The last avenue the FDA has used to make these devices more widely available has been through EUAs authorizing respirators that comply with standards in a number of approved foreign jurisdictions, even though they do not meet Centers for Disease Control and Prevention (CDC) standards. The initial approved jurisdictions include the EU, South Korea, Brazil, and Canada. An additional EUA followed over a week later, authorizing respirators from Chinese manufacturers that had CDC approvals for other items in their product lineup or those with authorization from China’s National Medical Products Administration.

Regulatory recognition is a welcome improvement in the abstract. But China’s record of producing safe and effective medical equipment is dismal—all scam cases to date originated in China, as recounted by the Gatestone Institute’s Soeren Kern—and its regulations don’t forbid the export of devices that it wouldn’t allow its own population to use. Therefore, the rationale for singling out China with a targeted EUA was dubious at best. At worst, it encouraged ill-intentioned manufacturers to seek US approval for their filtering facepiece respirators under the EUA.

This loophole was only remedially corrected by adding a further qualifying criterion to the EUA on May 7, requiring manufacturers to have positive CDC test results and efficiency assessments within 45 days of the EUA’s issuing to qualify for coverage. This amounted to retroactively banning 65 previously EUA-authorized Chinese manufacturers of N-95 masks. The move led to a lot of criticism of FDA reviewers. The course-correction had indeed come about too late—the 65 manufacturers were allowed to sell faulty masks for three weeks. In light of this, the FDA should consider rescinding the authorization from April 3 altogether.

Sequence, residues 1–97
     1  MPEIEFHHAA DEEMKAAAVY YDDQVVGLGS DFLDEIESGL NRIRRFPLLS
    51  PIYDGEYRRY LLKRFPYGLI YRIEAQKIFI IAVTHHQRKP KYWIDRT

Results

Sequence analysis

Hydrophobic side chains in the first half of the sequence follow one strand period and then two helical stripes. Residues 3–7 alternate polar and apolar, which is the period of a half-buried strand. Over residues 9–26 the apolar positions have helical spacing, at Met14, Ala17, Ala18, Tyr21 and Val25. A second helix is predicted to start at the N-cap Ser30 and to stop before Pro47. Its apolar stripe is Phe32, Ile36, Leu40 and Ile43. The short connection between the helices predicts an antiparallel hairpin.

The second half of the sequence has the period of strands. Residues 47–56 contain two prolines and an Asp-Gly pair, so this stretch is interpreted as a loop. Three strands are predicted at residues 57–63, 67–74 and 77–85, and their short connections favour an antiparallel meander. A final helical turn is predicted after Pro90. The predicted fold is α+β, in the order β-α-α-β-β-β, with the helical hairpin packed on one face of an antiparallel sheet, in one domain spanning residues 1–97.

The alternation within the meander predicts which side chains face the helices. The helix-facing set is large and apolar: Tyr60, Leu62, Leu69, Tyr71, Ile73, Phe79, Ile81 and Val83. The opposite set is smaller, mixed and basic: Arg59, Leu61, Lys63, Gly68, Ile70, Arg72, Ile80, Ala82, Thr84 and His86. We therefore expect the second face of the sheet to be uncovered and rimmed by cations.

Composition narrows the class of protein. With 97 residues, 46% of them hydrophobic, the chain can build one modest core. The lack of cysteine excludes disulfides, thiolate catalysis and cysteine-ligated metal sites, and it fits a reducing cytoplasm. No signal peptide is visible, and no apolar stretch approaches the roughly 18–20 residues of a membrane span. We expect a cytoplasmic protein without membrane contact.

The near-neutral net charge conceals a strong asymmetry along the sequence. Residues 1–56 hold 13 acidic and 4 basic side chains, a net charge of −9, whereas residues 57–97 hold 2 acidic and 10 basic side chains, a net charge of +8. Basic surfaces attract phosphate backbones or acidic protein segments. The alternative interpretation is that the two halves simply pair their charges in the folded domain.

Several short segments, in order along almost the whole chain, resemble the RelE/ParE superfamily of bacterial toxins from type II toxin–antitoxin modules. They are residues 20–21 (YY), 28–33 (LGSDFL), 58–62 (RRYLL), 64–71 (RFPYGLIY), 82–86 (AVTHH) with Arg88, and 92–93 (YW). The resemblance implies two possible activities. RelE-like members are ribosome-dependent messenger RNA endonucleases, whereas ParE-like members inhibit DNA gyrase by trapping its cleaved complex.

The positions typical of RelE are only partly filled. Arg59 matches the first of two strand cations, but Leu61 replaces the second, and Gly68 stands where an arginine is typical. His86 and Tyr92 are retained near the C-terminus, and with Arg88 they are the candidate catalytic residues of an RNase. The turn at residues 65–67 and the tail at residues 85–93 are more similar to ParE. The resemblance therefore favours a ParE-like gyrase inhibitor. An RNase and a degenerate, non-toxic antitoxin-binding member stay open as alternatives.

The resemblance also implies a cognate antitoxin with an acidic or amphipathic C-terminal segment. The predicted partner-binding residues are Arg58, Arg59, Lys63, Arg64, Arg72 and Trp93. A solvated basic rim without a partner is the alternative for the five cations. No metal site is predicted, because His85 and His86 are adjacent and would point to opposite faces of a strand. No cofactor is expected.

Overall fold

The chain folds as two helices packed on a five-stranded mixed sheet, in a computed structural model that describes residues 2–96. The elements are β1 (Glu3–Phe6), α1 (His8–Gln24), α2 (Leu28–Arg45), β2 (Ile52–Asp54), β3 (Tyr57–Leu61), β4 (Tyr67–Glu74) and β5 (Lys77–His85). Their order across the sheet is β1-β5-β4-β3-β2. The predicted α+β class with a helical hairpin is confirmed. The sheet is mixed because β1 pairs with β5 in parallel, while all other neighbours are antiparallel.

Ultimately, a comprehensive strategy against scams will need to combine all the aforementioned tweaks with a larger focus on prevention and remediation. Such a strategy starts with a more deliberate approach to blacklisting all known scammers, such as issuing federal registries, warning states and hospitals of known scammers, and even launching investigations into how the scams took advantage of existing loopholes to better inform FDA policy going forward.

Next, the FDA ought to take a hard look at hospital and state-level procurement processes. Besides considering further federal oversight of how these buyers choose among competing sellers, the FDA should also consider requiring samples and splitting payments to ensure that buyers are able to vet the quality of what they purchase before paying in full. Demands of an up-or-down response on an initial offering in less than 24 hours and upfront payment, for instance, tend to signal a seller’s dubious credentials, and the FDA should consider embargoing them outright. A slightly more burdensome process for getting the full payment for their delivery may, on the contrary, end up yielding manufacturers who are putting the utmost care and professionalism into their operations.

Finally, when scams do occur, the FDA should put the entire weight of the federal government behind negotiating adequate compensation for affected states and hospitals, which often have found themselves unable to recoup their full expenditure. Only in this way can the US expect to indemnify scammed importers to the fullest possible extent.

Medical device shortages during a worldwide pandemic create a significant market for scammers. Now is the time for the FDA to learn from recent experience and fully guard the nation against these nefarious practices.